Schizoid Personality Disorder Symptoms and Treatments

Aloofness is one symptom of schizoid personality disorder.

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Schizoid personality disorder (SPD) is a chronic and pervasive condition characterized by social isolation and feelings of indifference toward other people. Those who suffer from this disorder are often described as distant or withdrawn.

People with this condition avoid social situations that involve interaction with other people. They find it difficult to express emotions and lack the desire to form close personal relationships.

This type of personality disorder is believed to be relatively rare and tends to affect more men than women. Individuals with schizoid personality disorder are also at risk of experiencing depression.


Individuals with schizoid personality disorder typically experience:

  • Detachment from other people
  • Little or no desire to form close relationships with others
  • Infrequent participation in activities for fun or pleasure
  • A sense of indifference to praise and affirmation, as well as to criticism or rejection
  • Often described as cold, uninterested, withdrawn, and aloof
  • Does not enjoy social or family relationships
  • Indifference to social norms and expectations
  • A preoccupation with introspection and fantasy

The DSM-5 defines schizoid personality disorder as a "pervasive pattern of social and interpersonal deficits marked by acute discomfort with, and reduced capacity form, close relationships as well as by cognitive or perceptual distortions and eccentricities of behavior, beginning by early adulthood and present in a variety of contexts."

People with schizoid personality disorder are often described by others as aloof, cold, and detached. Those who suffer from the disorder may prefer being alone, but some may also experience loneliness and social isolation as a result.

The disorder usually first becomes noticeable during childhood and is usually apparent by early adulthood. The symptoms of the disorder can have an impact on multiple life domains including family relationships, school, and work.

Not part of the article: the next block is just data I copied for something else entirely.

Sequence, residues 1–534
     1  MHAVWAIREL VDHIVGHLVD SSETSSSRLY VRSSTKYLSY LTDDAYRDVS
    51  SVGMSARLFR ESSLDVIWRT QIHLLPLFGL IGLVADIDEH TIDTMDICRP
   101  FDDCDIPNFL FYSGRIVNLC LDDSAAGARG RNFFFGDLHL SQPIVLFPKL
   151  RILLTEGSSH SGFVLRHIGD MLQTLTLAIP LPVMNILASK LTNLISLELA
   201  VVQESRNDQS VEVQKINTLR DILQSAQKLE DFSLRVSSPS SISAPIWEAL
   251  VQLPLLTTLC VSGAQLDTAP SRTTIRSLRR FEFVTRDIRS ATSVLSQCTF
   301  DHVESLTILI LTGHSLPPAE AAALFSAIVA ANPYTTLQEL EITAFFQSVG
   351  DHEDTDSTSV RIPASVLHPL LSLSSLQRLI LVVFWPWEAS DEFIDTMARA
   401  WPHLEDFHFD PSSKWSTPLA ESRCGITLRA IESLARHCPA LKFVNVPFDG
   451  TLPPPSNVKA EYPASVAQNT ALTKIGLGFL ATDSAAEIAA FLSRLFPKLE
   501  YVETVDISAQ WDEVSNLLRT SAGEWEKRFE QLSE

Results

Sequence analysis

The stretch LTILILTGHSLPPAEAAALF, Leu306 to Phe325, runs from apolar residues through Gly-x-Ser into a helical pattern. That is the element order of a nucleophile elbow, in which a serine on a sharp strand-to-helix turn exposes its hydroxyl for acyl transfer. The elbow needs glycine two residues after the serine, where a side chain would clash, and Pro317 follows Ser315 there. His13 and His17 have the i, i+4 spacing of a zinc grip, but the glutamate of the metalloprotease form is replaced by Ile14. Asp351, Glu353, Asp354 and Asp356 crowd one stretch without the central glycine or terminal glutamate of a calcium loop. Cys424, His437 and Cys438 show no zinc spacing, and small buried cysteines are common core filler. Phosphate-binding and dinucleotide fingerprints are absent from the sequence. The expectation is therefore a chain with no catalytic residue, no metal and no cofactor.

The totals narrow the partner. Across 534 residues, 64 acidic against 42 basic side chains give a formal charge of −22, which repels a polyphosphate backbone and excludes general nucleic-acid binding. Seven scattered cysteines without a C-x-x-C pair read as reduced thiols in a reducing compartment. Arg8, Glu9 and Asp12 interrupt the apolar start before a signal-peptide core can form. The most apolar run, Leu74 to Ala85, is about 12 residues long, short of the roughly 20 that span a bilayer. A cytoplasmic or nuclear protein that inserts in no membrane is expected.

Those with this disorder tend to have few friendships, date rarely and often do not marry. The symptoms of the disorder may also make it difficult to work in positions that require a lot of social interaction or people skills, and those with a schizoid personality disorder may do better in jobs that involve working in solitude.

Schizoid Personality Disorder or Schizophrenia

While schizoid personality disorder is viewed on the schizophrenia spectrum disorders and shares some common symptoms with schizophrenia and schizotypal personality disorder, there are important distinctions that separate SPD from those two disorders.

Those with SPD rarely experience paranoia or hallucinations. Also, while they may seem aloof and distant during conversations, they do make sense when they speak, which differs from the difficult to follow speech patterns that often accompany those suffering from schizophrenia.


The causes of schizoid personality disorder are not known, although it is believed that a combination of genetic and environmental factors play a role. Personality is shaped by a wide variety of factors including inherited traits and tendencies, childhood experiences, parenting, education, and social interactions. All of these factors may play some part in contributing to the development of SPD.